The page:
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Understanding Tamoxifen Resistance in Breast cancer Open Access


Other title
Phospholipase D1/2
Oxidative stress
Breast cancer
Type of item
Degree grantor
University of Alberta
Author or creator
Bekele, Raie Taye
Supervisor and department
Brindley, David N. (University of Alberta, Biochemistry)
Examining committee member and department
Wang, Zhixiang (University of Alberta, Medical Genetics)
Goping, Ing Swie (University of Alberta, Biochemistry)
Fahlman, Richard (University of Alberta, Biochemistry)
Fliegel, Larry (University of Alberta, Biochemistry)
Morris, Andrew J. (Cardiovascular Medicine and Pharmacology, University of Kentucky)
Department of Biochemistry

Date accepted
Graduation date
Doctor of Philosophy
Degree level
Tamoxifen is the accepted therapy for patients with estrogen receptor α (ERα)−positive breast cancer. However, clinical resistance to tamoxifen, as demonstrated by recurrence or progression on therapy, is frequent and precedes death from metastases. To improve breast cancer treatment it is vital to understand the mechanisms that result in tamoxifen resistance. The study presented in this thesis shows that concentration of tamoxifen and its metabolites, which accumulate in tumors of patients, killed breast cancer cells by inducing oxidative stress. Breast cancer cells responded to tamoxifen-induced oxidation by increasing Nrf2 expression and subsequent activation of the anti-oxidant response element (ARE). This increased the transcription of anti-oxidant genes and multidrug resistance transporters. As a result, breast cancer cells are able to destroy or export toxic oxidation products leading to increased survival from tamoxifen-induced oxidative damage. These responses in cancer cells also occur in breast tumors of tamoxifen-treated mice. Additionally, high levels of expression of Nrf2 and its downstream targets in breast tumors of patients at the time of diagnosis were prognostic of poor survival after tamoxifen therapy. The oxidative stress induced by tamoxifen also activated phospholipase D (PLD) and led to the up regulation of the RALBP1 (Ral-binding protein 1). Tamoxifen resistant cells also had a significant increase in both basal and stimulated PLD activity along with increased PLD1 and RALBP1 levels. The activity of PLD provides survival signals to cancer cells, whereas RALBP1 exports chemotherapeutic drugs. Thus both RALBP1 and PLD in concert can lead to development of an aggressive and metastatic breast cancers and also contribute to chemo-resistance. In our study, cancerous breast tissues from patients have a significantly higher expression of RALBP1 compared to normal breast tissue. Furthermore, cytotoxic chemotherapy combination offered no significant advantage in patient cohorts with high RALBP1 expression as compared to those patients receiving mono or non-cytotoxic chemotherapies. Moreover, patients with high expression of PLD1 also had poor prognostic outcomes to different treatments. Thus, overcoming adaptive responses to tamoxifen-induced oxidative stress could improve the survival of breast cancer patients.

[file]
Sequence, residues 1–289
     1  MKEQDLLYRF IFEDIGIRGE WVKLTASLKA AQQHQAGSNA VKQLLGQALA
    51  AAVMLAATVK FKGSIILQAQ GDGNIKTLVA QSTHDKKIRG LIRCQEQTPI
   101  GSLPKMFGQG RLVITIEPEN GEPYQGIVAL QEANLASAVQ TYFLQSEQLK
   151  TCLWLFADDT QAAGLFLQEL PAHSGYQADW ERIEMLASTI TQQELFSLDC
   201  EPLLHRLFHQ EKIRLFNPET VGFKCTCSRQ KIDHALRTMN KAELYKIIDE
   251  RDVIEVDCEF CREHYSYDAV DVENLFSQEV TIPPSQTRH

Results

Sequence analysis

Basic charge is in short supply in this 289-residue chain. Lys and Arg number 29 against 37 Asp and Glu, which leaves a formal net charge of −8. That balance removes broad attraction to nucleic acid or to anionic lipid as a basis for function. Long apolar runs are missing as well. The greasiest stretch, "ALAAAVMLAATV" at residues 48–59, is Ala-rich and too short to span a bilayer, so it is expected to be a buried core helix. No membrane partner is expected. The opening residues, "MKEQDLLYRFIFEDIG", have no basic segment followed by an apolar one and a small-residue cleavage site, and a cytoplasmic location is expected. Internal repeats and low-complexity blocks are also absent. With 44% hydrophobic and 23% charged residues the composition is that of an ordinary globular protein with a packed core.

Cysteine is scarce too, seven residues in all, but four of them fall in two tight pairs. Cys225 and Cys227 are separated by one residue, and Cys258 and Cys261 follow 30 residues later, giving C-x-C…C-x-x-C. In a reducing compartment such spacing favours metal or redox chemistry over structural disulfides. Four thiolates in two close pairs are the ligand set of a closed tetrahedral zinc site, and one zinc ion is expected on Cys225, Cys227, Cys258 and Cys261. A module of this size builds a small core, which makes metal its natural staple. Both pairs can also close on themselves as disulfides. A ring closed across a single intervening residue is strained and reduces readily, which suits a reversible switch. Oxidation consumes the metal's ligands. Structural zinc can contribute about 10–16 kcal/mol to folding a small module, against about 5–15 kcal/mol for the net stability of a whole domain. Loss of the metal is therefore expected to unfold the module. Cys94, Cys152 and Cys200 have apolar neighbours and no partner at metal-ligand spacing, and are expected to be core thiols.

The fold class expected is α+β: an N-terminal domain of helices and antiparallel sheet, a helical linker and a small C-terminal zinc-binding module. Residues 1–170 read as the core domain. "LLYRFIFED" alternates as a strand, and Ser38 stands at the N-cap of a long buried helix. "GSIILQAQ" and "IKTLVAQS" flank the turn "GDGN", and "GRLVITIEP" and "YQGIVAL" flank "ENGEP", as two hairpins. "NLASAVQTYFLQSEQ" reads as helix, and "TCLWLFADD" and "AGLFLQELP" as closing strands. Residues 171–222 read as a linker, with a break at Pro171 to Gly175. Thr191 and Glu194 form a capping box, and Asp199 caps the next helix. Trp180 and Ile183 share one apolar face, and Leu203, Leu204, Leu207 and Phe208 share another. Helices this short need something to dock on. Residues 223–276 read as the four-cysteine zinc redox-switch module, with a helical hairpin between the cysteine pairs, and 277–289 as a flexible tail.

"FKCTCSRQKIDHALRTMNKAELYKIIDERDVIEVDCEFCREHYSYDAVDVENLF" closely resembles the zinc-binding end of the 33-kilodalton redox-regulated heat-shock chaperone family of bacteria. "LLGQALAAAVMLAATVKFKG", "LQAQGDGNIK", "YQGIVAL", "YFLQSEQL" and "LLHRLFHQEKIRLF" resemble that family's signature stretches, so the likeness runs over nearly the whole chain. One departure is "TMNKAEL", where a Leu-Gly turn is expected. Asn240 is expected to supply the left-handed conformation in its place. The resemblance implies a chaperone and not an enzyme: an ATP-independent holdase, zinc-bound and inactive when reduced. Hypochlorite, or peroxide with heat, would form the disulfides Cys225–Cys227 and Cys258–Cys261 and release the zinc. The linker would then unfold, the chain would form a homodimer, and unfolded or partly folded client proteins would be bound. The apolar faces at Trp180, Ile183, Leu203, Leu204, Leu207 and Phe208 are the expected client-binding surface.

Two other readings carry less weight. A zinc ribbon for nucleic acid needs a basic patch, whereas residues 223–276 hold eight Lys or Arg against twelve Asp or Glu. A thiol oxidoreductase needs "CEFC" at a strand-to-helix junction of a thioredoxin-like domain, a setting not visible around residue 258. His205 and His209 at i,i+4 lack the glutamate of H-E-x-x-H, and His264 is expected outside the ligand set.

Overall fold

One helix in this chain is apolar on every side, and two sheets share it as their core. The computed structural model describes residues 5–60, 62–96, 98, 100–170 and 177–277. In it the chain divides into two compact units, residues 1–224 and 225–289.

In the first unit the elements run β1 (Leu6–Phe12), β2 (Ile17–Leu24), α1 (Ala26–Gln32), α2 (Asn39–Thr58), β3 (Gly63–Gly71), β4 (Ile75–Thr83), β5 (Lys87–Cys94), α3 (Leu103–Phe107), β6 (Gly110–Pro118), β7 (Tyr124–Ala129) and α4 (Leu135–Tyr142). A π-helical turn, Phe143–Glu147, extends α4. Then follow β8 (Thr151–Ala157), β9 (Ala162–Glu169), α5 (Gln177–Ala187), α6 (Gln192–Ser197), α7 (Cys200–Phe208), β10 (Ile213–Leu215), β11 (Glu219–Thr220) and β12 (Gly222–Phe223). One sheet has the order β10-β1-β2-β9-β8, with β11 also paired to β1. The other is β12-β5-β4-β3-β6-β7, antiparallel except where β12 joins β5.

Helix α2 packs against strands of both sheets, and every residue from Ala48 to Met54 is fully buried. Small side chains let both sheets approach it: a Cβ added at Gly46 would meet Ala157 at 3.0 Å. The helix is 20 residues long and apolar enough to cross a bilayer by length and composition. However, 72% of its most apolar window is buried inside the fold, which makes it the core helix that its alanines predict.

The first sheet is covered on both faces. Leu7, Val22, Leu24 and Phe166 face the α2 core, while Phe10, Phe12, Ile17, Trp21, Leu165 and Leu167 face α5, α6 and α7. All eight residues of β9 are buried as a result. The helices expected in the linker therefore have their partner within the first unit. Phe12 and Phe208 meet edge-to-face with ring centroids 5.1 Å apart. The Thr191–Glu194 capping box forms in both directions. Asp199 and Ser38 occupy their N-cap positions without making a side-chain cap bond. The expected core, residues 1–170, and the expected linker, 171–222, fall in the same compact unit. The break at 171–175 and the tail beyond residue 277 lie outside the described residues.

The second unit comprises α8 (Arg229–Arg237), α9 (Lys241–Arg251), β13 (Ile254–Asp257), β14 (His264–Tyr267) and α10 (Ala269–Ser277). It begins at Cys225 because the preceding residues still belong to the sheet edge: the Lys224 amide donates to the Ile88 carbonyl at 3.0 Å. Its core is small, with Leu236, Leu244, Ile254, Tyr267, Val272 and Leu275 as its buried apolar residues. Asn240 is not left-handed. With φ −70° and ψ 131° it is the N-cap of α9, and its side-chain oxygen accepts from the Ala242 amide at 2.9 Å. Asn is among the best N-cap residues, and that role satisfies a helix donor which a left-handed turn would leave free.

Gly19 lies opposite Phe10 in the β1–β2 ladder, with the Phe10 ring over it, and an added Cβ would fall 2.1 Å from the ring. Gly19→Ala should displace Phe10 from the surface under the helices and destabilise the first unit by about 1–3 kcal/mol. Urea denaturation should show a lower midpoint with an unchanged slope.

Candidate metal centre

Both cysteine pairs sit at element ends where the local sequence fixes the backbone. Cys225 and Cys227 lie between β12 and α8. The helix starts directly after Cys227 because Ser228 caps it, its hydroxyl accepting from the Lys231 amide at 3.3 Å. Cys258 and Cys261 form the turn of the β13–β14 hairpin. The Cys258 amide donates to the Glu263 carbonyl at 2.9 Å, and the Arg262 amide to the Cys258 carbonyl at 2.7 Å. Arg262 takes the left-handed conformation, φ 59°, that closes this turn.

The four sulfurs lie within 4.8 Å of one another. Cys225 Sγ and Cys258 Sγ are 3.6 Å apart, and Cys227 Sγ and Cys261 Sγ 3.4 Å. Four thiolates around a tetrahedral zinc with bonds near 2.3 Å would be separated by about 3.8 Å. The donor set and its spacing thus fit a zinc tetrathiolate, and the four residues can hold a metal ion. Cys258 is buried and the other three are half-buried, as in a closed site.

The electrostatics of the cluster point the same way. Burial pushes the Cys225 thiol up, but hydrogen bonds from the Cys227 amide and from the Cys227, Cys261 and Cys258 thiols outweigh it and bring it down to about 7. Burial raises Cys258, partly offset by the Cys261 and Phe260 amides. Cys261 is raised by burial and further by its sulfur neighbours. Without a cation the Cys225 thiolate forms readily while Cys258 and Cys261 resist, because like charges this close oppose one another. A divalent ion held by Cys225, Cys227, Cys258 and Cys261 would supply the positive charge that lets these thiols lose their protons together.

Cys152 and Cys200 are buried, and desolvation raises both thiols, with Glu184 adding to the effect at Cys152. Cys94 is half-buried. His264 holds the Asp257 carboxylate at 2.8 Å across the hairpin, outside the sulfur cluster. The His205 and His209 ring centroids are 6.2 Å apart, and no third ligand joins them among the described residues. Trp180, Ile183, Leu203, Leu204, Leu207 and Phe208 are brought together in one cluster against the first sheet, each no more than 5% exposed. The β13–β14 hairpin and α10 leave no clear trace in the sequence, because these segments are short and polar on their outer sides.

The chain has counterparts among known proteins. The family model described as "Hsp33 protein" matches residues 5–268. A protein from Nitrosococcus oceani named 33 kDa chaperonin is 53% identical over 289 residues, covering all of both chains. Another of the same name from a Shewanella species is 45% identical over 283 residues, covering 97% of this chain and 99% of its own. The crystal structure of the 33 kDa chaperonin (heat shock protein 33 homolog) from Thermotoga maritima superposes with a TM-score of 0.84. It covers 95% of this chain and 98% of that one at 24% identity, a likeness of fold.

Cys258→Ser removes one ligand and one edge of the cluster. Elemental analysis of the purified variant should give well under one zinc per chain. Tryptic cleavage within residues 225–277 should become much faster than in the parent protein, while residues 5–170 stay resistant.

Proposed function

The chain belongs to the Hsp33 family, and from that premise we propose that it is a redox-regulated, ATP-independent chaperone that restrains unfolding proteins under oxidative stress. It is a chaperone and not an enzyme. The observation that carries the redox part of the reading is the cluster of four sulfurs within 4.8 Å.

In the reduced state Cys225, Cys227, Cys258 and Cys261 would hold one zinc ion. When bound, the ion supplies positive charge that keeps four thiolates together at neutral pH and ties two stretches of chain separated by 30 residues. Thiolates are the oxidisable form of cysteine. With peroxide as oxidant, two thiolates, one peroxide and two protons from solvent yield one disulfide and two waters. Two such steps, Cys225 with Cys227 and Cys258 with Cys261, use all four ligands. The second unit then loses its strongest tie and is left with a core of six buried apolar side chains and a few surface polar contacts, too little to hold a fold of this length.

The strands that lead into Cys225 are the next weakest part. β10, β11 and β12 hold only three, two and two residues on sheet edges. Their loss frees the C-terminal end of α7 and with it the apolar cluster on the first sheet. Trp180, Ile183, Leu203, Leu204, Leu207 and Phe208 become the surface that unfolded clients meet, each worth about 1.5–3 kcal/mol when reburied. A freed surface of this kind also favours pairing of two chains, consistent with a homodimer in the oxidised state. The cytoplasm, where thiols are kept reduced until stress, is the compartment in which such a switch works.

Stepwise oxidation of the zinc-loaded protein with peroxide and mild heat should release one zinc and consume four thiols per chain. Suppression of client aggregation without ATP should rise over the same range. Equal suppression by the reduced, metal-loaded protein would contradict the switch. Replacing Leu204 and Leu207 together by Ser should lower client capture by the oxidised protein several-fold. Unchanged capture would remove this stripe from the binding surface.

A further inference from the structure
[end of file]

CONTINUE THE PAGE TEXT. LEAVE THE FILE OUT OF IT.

This thesis is made available by the University of Alberta Libraries with permission of the copyright owner solely for the purpose of private, scholarly or scientific research. This thesis, or any portion thereof, may not otherwise be copied or reproduced without the written consent of the copyright owner, except to the extent permitted by Canadian copyright law.
Citation for previous publication
Bekele RT, Venkatraman G, Liu R, Tang X, Mi S, Benesch MG, Mackey JR, Godbout R, Curtis JM, McMullen TP, Brindley DN. Oxidative stress contributes to the tamoxifen-induced killing of breast cancer cells: implications for tamoxifen therapy and resistance. Nature Sci. Rep. 6, 21164; doi: 10.1038/srep21164 (2016).Benesch MG, Tang X, Venkatraman G, Bekele RT, Brindley DN. Recent advances in targeting the autotaxin-lysophosphatidate-lipid phosphate phosphatase axis in vivo. J Biomed Res. 2015 Aug 28;30. doi: 10.7555/JBR.29.20150058.Bekele RT, Brindley DN: Role of autotaxin and lysophosphatidate in cancer progression and resistance to chemotherapy and radiotherapy. Clinical Lipidology 7(3), 313-328 (2012). doi:10.2217/clp.12.30Samadi N, Bekele RT, Goping IS, Schang LM, Brindley DN: Lysophosphatidate induces chemo-resistance by releasing breast cancer cells from taxol-induced mitotic arrest. PLoS One 6(5), e20608 (2011). doi: 10.1371/journal.pone.0020608.Samadi N, Bekele RT, Capatos D, Venkatraman G, Sariahmetoglu M, Brindley DN: Regulation of lysophosphatidate signaling by autotaxin and lipid phosphate phosphatases with respect to tumor progression, angiogenesis, metastasis and chemo-resistance. Biochimie 93(1), 61-70 (2011). doi: 10.1016/j.biochi.2010.08.002.

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